Friday, 1 December 2017

Reasons why it's good to ask questions... Knowing our onions and dealing with washes.

Last night my students were painting in water colour. Onions, in fact.  I'd asked them to include a background wash of colour (because white paper is harsh and doesn't always favourably support the subject), which often causes a little anxiety in the room.

When painting with water colour the important thing to acknowledge is that we are painting with WATER, with a little pigment added. It is safe to assume that it will take more than one layer to achieve a fairly 'neat' wash of flat-ish colour, and there are a few tactics which need to be emplyed in order to get the better of the materials!

The first is to make LOTS of the colour you need - I suggest that students create a lake on the palette. Some folks resist this, not naming any names (you know who you are!!), and at best manage to create a puddle - but inevitably they run out half way through... The down side of this is that it's almost impossible to recreate the same colour, and while you're frantically attempting to make a new puddle, the paint already half-way across the background is drying.. Nooooooo!

The following pictures show the difference between a pudde and a lake...
First, add some water to a clean area on your palette. Then introduce some pigment and stir very well.

 

This amount is a 'puddle' and won't go very far across your page.  Now is the time to bring a lot more water to the puddle. Use a large brush to almost ladle the water onto the palette. See in the photos below how it disburses the pigment which you'd previously stirred. This is an excellent reminder that we aren't painting with 'paint', but with stained water. As you add pigment, keep stirring to ensure that the colour is evenly spread in the water. By 'water',  I now mean LAKE. Add pigment until you get the colour to the depth of tone you want, and test it not by eye, but by taking a SMALL brush and painting a little tile on your page. It will almost certainly be paler than you expected, in which case add more pigment to the lake, stir again, test again.

 

The lake, which resembles a miniature swimming pool!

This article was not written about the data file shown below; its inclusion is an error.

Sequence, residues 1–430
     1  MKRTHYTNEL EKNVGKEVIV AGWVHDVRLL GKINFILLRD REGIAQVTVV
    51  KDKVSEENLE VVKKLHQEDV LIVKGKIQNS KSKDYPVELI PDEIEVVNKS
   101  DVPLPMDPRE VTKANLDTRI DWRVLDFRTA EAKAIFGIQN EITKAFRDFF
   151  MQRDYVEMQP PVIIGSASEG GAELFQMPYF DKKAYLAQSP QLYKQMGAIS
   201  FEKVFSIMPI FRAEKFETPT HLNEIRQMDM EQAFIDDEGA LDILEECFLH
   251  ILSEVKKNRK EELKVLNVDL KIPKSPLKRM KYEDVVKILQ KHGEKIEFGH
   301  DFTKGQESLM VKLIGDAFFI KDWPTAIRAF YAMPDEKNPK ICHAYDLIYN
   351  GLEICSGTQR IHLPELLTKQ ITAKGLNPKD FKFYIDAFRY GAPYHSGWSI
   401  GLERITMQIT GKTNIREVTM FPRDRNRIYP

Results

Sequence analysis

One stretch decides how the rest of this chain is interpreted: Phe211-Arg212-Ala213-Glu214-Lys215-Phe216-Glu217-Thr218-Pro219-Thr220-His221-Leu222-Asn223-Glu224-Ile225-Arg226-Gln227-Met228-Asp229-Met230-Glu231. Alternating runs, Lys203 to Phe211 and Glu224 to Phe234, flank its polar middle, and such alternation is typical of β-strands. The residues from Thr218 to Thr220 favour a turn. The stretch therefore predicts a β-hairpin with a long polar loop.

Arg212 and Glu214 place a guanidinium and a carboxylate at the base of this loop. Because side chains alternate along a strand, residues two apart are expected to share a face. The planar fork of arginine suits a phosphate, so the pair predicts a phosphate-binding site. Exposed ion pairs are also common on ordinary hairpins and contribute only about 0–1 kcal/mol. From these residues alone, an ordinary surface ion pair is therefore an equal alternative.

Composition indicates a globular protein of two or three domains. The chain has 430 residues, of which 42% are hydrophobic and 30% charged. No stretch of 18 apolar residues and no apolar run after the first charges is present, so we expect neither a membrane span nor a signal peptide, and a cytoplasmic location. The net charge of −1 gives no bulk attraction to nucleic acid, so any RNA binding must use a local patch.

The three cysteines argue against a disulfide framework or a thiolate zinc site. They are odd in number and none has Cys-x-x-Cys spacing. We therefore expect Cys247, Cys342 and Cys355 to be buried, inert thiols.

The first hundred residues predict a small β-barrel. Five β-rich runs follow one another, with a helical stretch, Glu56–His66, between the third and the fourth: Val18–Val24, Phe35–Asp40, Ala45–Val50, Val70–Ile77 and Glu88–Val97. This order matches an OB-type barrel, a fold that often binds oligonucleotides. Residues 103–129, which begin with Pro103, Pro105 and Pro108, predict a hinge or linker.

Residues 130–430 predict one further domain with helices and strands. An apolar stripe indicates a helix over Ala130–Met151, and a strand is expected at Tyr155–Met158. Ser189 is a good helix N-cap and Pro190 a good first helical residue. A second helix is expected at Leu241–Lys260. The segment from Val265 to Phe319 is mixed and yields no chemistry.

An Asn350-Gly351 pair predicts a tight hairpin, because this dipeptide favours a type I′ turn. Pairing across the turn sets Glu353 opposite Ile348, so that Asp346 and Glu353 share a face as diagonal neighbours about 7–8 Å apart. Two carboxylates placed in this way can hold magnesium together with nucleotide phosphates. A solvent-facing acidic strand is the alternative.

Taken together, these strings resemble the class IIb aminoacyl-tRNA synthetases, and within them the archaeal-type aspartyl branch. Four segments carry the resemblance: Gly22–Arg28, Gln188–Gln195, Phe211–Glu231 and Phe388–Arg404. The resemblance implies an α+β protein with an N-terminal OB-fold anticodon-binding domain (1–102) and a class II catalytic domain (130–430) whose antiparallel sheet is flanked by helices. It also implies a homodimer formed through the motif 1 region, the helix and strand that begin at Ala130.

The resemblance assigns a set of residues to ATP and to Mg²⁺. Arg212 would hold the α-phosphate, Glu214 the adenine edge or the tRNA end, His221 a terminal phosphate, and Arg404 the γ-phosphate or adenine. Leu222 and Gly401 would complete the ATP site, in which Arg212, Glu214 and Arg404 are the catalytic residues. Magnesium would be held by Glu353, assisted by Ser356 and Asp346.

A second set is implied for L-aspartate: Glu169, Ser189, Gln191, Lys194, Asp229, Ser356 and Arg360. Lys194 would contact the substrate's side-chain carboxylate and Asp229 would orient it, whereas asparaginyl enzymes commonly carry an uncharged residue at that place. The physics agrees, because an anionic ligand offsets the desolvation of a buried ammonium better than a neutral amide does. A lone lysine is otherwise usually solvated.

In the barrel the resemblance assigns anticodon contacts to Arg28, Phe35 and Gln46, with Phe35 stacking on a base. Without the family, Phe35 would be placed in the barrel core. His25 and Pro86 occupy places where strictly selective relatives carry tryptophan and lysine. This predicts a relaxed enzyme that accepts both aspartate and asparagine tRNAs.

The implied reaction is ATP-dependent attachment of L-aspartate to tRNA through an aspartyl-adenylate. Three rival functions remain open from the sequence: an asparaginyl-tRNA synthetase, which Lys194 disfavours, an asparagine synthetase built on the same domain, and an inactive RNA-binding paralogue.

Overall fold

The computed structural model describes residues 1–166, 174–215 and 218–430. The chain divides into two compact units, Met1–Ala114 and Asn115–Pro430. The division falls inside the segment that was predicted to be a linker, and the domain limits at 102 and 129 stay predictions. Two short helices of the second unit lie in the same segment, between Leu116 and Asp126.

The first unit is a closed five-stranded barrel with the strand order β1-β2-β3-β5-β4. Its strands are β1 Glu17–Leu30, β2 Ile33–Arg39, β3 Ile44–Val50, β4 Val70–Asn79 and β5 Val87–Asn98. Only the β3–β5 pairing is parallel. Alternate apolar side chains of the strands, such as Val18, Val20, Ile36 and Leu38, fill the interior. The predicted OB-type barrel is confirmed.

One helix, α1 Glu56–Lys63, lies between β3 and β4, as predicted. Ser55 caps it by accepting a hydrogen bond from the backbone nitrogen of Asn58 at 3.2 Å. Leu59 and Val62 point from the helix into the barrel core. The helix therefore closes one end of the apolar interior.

When you are satisfied that you have the tone you want, have two brushes handy - a small one for painting close to the objects, and a larger one for very quickly swiping the colour away.

The second tactic is about the order of work.. MANY students automatically start at the top of the page then work downwards. This is a very difficult approach! Instead, I advise that you begin right at the subject itself. Load the small brush with the lake-mix to carefully go around the edge of a section of the subject (an area of no more than 7 or 8 cms!) then swap to the larger brush, fill it with lake-mix and work VERY SWIFTLY to push the colour outwards away from the subject. The aim is to keep all the paint wet until you have coverd the background. If it is drying before you are finished it means you are working too slowly... Carefully around the subject then quick-quick-quick to take the colour outwards.

All was going swimmingly (sorry..!) although the first washes were all fairly 'streaky' - this is normal and can be over ridden in a second layer. But then Suzanne asked a totally brilliant question, which transformed the experience for everyone.  The question was:

'Why has my wash dried like this?'

I know, fantastic question isn't it?!! I'm sorry that I didn't get a photo of it to illustrate the point, but I will describe it. Her wash, which was actually beautifully done, had dried with some areas darker, some lighter, some lighter again, and several dark rivers where the light and darks 'met'. Not the effect Suzanne was aiming for. I looked at it for a mement then said that she had obviously dipped her brush in her water jar before reloading with the lake. 'Yes, I did!' she admitted. The reason this is so marvellous is that several students had also done this, effectively altering the lake with every application. Disaster!

But a disaster with a very simple solution. Before you begin painting with your lake-mix,  cover your water jar with a tissue and DON'T DIP YOUR BRUSH IN IT UNTIL THE WASH LAYER IS COMPLETE!

Hoorah! Suzanne's second wash was a triumph of paint-magic, and confidence was restored.

This illustrates how sometimes we do something out of habit which has consequences on our page, but also that many apparent prob;ems things have a very simple solution.